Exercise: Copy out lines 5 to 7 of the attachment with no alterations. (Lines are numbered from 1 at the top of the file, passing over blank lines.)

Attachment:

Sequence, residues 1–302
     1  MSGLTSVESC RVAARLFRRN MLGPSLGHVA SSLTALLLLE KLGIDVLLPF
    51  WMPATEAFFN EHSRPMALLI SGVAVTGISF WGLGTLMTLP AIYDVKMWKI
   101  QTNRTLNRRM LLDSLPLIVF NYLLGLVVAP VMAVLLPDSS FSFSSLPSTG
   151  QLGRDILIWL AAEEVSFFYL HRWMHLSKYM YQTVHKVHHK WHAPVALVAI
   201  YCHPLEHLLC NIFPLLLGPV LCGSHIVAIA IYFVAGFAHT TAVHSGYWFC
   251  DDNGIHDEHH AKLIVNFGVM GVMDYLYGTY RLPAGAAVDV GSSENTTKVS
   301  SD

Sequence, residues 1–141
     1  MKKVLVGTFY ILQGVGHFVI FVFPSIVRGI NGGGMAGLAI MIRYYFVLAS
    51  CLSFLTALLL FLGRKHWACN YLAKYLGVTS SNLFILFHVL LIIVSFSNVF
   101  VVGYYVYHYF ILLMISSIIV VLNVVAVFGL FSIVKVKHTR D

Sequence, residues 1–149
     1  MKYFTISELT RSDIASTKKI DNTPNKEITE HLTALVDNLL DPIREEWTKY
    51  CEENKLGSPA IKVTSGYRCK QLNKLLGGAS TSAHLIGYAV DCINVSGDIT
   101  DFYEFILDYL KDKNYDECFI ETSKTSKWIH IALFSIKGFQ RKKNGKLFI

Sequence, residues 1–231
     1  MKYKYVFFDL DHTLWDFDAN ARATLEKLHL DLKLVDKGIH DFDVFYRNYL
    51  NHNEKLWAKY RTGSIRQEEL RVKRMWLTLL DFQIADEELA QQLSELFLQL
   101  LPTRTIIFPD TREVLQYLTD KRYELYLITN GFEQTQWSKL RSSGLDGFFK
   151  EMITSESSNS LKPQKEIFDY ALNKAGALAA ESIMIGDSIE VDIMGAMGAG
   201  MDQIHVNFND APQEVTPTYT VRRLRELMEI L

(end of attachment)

   151  QLGRDILIWL AAEEVSFFYL HRWMHLSKYM YQTVHKVHHK WHAPVALVAI
   201  YCHPLEHLLC NIFPLLLGPV LCGSHIVAIA IYFVAGFAHT TAVHSGYWFC
   251  DDNGIHDEHH AKLIVNFGVM GVMDYLYGTY RLPAGAAVDV GSSENTTKVS